Building partnerships with science

First Solar, Lathrop proud to sponsor Falcon BEST robotics competition

Richard Edwards, mayor of the City of Bowling Green; Venu Dasigi, interim dean of the College of Technology, Architecture and Applied Engineering; Mary Ellen Mazey, Ph.D., president of Bowling Green State University; Jay Lake, director of Workforce Development and Community Relations of First Solar; and Mohammad Mayas, BGSU's Falcon BEST hub director, welcomed more than 300 participants and spectators to this year's competition.

By Bob Cunningham

The fourth annual Falcon BEST robotics competition this fall at Bowling Green State University’s Stroh Center had it all.

There were teams from middle schools and high schools from all over northwest Ohio, and even one from Indiana, competing in the event.  

The Lathrop Co. has been a sponsor of the Falcon BEST robotics competition since its inception.It featured a sportslike atmosphere with teams’ friends, family members and interested onlookers cheering from the stands. There also were pep bands, mascots, flags and signs of encouragement, generating an atmosphere fitting for the achievements of aspiring scientists.  

Yes, it’s fun to cheer for science. Just ask First Solar and The Lathrop Co., sponsors of the popular event. Each company has made a $25,000 pledge and a five-year commitment to the competition.

“The pushing of STEM initiatives at local high schools, local colleges and at events like this has been a mission for us over the last couple of years,” said Jay Lake, director of workforce development and community relations at First Solar, which sponsored its first competition this fall. “We are a high-technology company, and robotics and various computers and computer systems drive how we make our product. We have a ton of fantastic, STEM-oriented career individuals here at First Solar.”

First Solar, an alternative energy company in Perrysburg, Ohio, has been involved in area high school STEM programs, so Lake said the company saw the sponsorship opportunity at BGSU as a natural progression.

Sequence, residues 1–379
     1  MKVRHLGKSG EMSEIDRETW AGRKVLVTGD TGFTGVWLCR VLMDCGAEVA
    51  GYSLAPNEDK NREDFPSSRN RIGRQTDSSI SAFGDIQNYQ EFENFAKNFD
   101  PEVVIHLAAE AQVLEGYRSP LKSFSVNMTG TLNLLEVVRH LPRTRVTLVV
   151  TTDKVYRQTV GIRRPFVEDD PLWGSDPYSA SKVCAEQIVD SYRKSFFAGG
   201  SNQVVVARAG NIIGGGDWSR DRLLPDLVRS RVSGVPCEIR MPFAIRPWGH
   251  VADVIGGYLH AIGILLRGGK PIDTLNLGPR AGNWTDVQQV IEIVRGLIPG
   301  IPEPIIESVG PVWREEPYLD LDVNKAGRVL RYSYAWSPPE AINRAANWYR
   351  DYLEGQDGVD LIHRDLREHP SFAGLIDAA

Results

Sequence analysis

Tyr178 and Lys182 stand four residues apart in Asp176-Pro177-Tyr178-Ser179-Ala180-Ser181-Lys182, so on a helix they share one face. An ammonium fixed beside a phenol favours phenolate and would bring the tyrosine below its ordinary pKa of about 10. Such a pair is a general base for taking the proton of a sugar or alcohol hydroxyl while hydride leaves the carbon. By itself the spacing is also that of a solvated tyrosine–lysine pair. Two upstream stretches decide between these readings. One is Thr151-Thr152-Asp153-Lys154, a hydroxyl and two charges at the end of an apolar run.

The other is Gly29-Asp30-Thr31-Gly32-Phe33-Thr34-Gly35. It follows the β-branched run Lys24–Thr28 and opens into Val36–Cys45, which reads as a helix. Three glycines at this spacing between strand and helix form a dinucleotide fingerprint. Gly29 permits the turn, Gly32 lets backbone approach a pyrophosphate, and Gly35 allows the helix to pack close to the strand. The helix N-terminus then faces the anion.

“We do a lot of work with BGSU and have a great relationship with the University, and, more importantly and specific to our industry, the students who attend the school,” said Steven Johnson, president of Lathrop. ”We just thought it was a great opportunity to engage in helping some young people get interested in science and technology, many who decide to go into construction or other related fields in the area. We thought it was a win-win to engage with students as well as engage with the University. My focus as the president is young people and their careers.”

Lathrop, located in Maumee, Ohio, has been involved with the Falcon BEST (Boosting Engineering, Science and Technology) robotics competition since the start, donating safety goggles, vests, hard hats, and the like. The company’s five-year financial commitment started in 2015.

The theme of this year’s competition was “Bet the Farm.” Teams were required to develop robots that could be used to assist with agriculture and scored points having their robots complete tasks in three-minute matches as efficiently as possible

Supplies for the competition were provided by the College of Technology, Architecture, and Applied Engineering, a co-host of the event along with the Northwest Ohio Center for Excellence in STEM Education.  

First Solar wants to be involved in the community, Lake said.

“We had heard a lot about the competition,” he said. “And that’s another reason we partnered with BGSU, because the University is in our backyard. To be a company that’s involved in the community and being somebody that wants to make sure the community is involved with us, you have to start in your backyard and that’s Bowling Green.”

Johnson is happy to see the competition is growing every year.

“It’s gotten a lot of attention and again we look at our partnership with the University: There’s things we can do to help bring excitement to the University and draw students,” he said. “The better students they have, the better workforce I have — so we’re always looking for opportunities to help the University attract the best talent in the area.”